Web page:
They had already decided to look for a property in the country and to ‘live off the land’ when, in 2013, they learned that Ray’s ailing grandfather, Karl, affectionately known as ‘Whimp’, would not be allowed back to his house unless there was someone to look after him full-time.
That’s when they decided to move in to the elder man’s home to care for him, at the same time as their adoption of Jacob and Cody became final in November of that year.
Sadly, Karl’s health deteriorated quickly and he passed away soon after their arrival. The property had deteriorated in recent years as his health had failed, and Daniel and Ray became determined to return the house to its former glory. Mighty Whimp Farm – named in honor of grandpa – was born.
Like Michael and Phil, Daniel says that running a farm has been a sharp learning curve. Currently, their ambitions are modest. They have goats, chickens, ducks, turkeys, sheep, a couple of llamas and honeybees.
Besides selling poultry (most of their turkeys have all been pre-sold for Thanksgiving this year) they use milk from the goats to produce soaps and moisturizing lotions. They also sell coffee beans and brand clothing.
Daniel says they are exploring further ways to boost their farm profits, including selling farm-produced honey and their sheep’s wool. He continues to maintain a side line selling real estate, while Ray works full-time as a teacher.
‘It was something we’d always talked about,’ says Daniel when asked about their decision to move to live a more sustainable lifestyle in the country. ‘At first maybe as something in retirement, but I guess, over the years as we got more interested. Eventually, we decided, “You know what, let’s give it a try”.’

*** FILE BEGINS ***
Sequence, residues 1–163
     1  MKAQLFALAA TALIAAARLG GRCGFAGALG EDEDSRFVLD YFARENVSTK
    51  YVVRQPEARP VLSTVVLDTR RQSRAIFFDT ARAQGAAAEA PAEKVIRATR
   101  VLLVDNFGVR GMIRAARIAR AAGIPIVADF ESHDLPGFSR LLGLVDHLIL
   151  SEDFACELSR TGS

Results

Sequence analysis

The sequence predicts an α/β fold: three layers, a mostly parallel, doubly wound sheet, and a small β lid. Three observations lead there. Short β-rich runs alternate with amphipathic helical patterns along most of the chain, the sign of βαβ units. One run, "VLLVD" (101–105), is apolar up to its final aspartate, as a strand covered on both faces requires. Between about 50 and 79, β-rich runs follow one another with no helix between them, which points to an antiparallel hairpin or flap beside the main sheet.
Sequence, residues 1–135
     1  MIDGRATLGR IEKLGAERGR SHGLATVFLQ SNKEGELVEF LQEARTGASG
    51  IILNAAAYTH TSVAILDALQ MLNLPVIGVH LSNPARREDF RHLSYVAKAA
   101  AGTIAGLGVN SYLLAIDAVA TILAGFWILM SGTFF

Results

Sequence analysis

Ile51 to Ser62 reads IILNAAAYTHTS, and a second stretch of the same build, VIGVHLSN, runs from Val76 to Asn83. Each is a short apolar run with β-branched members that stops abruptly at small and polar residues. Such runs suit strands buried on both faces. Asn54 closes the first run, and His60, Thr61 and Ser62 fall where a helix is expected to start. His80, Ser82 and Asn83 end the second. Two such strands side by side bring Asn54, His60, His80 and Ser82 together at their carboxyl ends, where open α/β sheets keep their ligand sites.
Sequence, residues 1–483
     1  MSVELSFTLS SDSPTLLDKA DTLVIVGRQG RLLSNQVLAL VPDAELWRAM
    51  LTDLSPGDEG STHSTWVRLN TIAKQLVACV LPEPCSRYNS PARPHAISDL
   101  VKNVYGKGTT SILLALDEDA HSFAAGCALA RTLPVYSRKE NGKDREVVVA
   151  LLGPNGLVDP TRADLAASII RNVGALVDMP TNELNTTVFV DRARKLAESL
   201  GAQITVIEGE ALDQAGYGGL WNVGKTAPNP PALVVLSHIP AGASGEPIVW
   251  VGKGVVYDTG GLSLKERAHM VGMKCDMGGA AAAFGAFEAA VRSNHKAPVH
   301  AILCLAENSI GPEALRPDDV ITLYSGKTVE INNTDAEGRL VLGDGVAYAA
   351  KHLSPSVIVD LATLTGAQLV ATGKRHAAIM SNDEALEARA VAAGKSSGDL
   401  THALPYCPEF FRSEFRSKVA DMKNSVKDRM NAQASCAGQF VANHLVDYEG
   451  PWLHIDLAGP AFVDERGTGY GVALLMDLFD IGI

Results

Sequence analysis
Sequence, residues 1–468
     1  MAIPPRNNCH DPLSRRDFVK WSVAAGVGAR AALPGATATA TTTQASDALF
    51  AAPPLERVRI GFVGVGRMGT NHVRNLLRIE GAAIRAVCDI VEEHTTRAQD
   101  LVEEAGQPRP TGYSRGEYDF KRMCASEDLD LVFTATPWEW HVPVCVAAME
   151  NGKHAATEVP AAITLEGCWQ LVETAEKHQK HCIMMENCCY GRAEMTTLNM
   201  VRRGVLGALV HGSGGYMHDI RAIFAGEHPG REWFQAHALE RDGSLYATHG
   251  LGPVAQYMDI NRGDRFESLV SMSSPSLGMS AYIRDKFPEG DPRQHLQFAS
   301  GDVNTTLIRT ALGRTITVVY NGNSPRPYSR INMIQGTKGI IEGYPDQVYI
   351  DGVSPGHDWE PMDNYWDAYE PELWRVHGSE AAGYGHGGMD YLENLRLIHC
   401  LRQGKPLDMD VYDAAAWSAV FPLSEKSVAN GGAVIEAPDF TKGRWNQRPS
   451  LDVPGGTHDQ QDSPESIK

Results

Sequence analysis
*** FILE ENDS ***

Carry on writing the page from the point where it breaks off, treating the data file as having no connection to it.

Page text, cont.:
‘Neither of us were raised on a working farm. Ray growing up here was used to being around horses, but nothing like the chickens and goats and sheep. We really were picking it up from scratch using the internet and books.
‘After we got into this, we got introduced to the local farming community and they’ve just been amazing! They’ve been very welcoming to us and there have been surprisingly few negative experiences considering we’re a same-sex couple farming.’
Does he think he entered into farm life with realistic expectations?
‘It was a little overwhelming in the first year, having to learn everything from scratch and also create the facilities for all these animals, because we really had nothing. The first year was really tough. But we knew it would be and we didn’t expect to make a profit in our first year. I think overall we’ve been pretty realistic.’
Like Michael, Daniel says he works long days.
‘It’s a lot of hard work. But I think it really pays off and what we get out of the farming is worth every moment of our time and energy. I go get up at a quarter after 5 in the morning to get the barn chores done, and I have to do barn chores every 12 hours, so 5.15am and 5.15pm, so yes, it’s a lot of work.’
Despite this, and occasionally missing New York’s restaurant scene, ‘we’re in such an amazing place right now; we’re here for the long term.’
Would he offer advice to others considering a similar move?
‘If it’s where your heart is, and you feel very drawn to it, you should just go for it; it’s been so rewarding for us.’
He also has no regrets about taking on the farm and becoming parents at the same time.
‘The kids love it. They love being outside. They love working with the animals, and they also have their own chores to do. Being out here is great for them; they’re learning a lot about responsibility.’
Business-wise, he advises anyone interested to carry out plenty of research, to speak to – and support – local farmers. Also, when it comes to farming, newbies shouldn’t try and re-invent the wheel.
‘It’s great to identify a niche that you think needs to be filled, but also think about whether there’s a reason why that niche is not being filled. It could not make business sense or be too expensive – that’s an issue for many small farmers.’
‘We wanted a commercial dairy. After researching it we realized that our barn is not set up for a commercial dairy and there is a lot that we need to do right now to be a certified dairy, so it depends on exactly what type of farming someone wants to do.
‘Business wise, we’ve taken it very slowly, which I think it smart for us and our situation right now.
‘We just really love it up here and don’t see us moving for a very long time.’